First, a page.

In the back of one of the manuals for the Civilization computer games - I forget which one - there's a section that talks about how the game was designed. This contains a nugget of wisdom for game designers of any stripe: "If something isn't working, double it or halve it."
I think that this principle is a very sound one. Suppose you have a situation like "The penalty for juggling while skateboarding isn't high enough - nobody feels its that difficult in game, though everyone agrees it would actually make it quite a lot harder in the real world. Plus the guy who can force people to skateboard feels way underpowered because putting people on skateboards is barely impacting their juggling at all."
It might be tempting to increase the penalty by one and see if it makes a difference. The problem is that playtesting tends to produce a fairly limited set of data points, because of random variance (Even if the game has no randomness the skill of the players you have is a factor and even if you are testing with the same players over and over they will have good days and bad days). It's fully possible to have an experience where something is weak, so you make it more powerful and then to play a half dozen games in which it does even worse. Just by chance.
So to actually see the difference there's a sense to making big changes. We'll not increase the penalty by one - we'll double it! It may well be that doubling makes it waaay too hard to juggle while skateboarding, but if that's the case you know the undoubled variable was a little too small and doubled was far too high and that gives you information to pick the right point in between. Compared to the very real chance of learning nothing with a one point bump, there's a good argument for doubling.
The thing about doubling is that you really have to understand where your zero point is.
Imagine two systems for a game.
In system A I roll D6 + 3 and need to get a 7+
In system B I roll D12 + 3 and need to get a 10+
The chance of success in both are the same. But if (for whatever reason) we double that +3 then they change a lot. I don't know about you, but I'd be super confident of rolling 7 or higher on D6+6.
The trick is to understand what doubling something actually *is*, specifically it's making it twice as big relative to zero. However in our first game zero is clearly not the default state, presumably when we set the target as "7+" we anticipated that under normal conditions the player would have some sort of bonus to the roll. Perhaps in the average situation a player has +1 to this roll - in that case we should treat that average case as zero and double relative to that. So when we want to double our +3 modifier rather than doubling the number itself we double the difference between it and the zero point, making it a +5.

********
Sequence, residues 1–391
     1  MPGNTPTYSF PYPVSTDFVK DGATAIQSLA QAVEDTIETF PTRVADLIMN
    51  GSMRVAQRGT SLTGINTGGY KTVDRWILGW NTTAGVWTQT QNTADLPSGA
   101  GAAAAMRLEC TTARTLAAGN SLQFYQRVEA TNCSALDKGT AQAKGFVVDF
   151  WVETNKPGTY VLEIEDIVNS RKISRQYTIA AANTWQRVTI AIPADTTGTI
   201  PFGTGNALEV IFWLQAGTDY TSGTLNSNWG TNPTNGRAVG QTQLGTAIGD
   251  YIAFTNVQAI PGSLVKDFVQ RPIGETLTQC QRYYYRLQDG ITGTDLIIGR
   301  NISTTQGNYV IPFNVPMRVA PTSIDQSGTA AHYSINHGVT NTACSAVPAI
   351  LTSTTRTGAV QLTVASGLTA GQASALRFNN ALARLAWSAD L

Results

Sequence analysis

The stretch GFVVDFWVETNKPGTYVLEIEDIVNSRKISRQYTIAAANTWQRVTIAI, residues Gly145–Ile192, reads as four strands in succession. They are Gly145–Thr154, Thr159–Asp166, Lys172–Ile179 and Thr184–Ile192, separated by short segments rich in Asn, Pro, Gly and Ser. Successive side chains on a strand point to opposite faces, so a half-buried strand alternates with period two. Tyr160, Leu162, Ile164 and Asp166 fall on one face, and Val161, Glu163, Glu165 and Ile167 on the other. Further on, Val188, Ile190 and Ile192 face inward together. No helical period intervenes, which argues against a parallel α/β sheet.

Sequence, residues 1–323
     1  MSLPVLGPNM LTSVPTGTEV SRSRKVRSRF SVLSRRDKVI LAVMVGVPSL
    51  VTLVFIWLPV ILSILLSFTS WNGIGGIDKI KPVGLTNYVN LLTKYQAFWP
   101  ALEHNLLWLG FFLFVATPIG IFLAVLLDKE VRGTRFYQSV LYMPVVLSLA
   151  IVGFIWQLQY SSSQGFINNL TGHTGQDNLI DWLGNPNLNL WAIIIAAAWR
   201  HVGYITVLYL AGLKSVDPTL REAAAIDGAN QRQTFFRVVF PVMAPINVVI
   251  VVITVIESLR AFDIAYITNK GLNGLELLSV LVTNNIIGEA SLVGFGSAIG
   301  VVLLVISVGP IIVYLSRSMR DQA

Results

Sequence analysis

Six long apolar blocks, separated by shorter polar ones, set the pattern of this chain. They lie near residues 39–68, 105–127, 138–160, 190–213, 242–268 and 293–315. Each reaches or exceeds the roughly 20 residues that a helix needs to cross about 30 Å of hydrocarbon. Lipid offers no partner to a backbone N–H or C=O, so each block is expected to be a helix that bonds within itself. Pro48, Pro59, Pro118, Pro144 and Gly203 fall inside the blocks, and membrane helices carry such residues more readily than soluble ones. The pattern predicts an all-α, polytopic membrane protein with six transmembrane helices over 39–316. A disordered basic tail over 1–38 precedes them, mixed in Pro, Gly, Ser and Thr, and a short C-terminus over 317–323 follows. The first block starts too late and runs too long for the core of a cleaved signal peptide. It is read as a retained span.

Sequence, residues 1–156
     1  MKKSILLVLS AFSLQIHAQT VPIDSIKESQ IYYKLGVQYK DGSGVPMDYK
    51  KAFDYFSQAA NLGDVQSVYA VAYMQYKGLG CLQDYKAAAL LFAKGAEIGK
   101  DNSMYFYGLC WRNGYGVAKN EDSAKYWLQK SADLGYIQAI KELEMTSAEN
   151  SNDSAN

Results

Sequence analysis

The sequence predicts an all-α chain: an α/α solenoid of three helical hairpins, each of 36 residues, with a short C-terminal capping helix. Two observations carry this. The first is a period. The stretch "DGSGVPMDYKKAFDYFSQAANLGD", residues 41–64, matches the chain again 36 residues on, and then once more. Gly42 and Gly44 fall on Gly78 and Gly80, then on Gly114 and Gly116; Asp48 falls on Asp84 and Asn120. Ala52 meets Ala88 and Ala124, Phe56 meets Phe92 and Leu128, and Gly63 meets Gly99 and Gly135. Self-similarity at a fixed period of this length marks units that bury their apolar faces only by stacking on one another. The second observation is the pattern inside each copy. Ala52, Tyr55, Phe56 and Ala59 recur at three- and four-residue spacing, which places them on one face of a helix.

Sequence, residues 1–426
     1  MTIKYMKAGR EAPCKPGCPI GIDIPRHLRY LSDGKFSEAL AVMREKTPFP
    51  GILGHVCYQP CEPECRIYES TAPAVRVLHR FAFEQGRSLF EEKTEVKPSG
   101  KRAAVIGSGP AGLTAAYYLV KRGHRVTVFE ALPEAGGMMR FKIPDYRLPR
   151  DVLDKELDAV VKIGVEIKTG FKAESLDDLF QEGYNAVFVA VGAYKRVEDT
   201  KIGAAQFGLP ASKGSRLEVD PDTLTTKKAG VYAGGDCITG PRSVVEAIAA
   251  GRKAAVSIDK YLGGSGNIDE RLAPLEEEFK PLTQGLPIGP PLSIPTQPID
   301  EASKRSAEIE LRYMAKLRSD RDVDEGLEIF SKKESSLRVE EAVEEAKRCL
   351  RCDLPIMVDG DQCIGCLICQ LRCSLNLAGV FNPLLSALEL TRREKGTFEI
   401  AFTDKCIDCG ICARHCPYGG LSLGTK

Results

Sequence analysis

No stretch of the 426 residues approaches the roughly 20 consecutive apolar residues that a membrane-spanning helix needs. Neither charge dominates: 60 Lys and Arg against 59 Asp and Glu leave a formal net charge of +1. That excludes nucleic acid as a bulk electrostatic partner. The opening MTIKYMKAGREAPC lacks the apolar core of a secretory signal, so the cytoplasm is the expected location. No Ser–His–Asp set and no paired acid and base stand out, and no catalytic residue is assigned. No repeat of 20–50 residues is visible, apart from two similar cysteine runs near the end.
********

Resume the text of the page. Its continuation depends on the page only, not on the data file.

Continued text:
If you're feeling fancy you could look at the ratio of success to failure and aim to double that rather than doing anything with the raw numbers. D6+3 will have a ratio of 1:1 between successes and failures, so we might want to double that to 2:1, which means wanting a 66% chance of success. That means we want 3/6 sides of the dice to result in success and so can make the modifier D6+4 - it turns out that the random factor and target numbers we're working with are sufficiently small that in this case a one point bump does make a big enough difference!
I've been doing a lot of this with Genesis recently, having built up datasets to the point that they show me which things it's great to be a god of (Fire, Showmanship) and which ones tend to lead to failure (Madness, Undead) I wanted to make a new version to rebalance things. However it takes a *lot* of plays to get a decent amount of data for Genesis since a lot of the gods aren't used in any given game so keeping the number of iterations down is important. That means adopting a policy of making significant changes that are going to show enough of a difference to meaningfully drive decisions, but doubling the level of a card in this game isn't something that makes sense. A card is level 1-10 so fully half of them can't be doubled without extending the range. It's been better to look at "How many other cards in the game will this beat" and to aim to change that number significantly, though of course changing any card slightly changes that number for every other card
The point is that while doubling a thing feels dramatic making big changes during testing is healthy. You learn more than small changes and sometimes it turns out that a big change is what you needed and you can keep it as is. The rule of "double" isn't necessarily important so much as the overall philosophy, but if you do want to keep it the trick is to be mindful of what you're doubling and relative to what zero point: Raw numbers often don't tell the whole story.
A collection of posts by game designer Gregory Carslaw, including mirrors of all of his blogs maintained for particular projects. A complete index of posts can be found here: https://boardgamegeek.com/blogpost/58777/index
23 Nov 2018
- [+] Dice rolls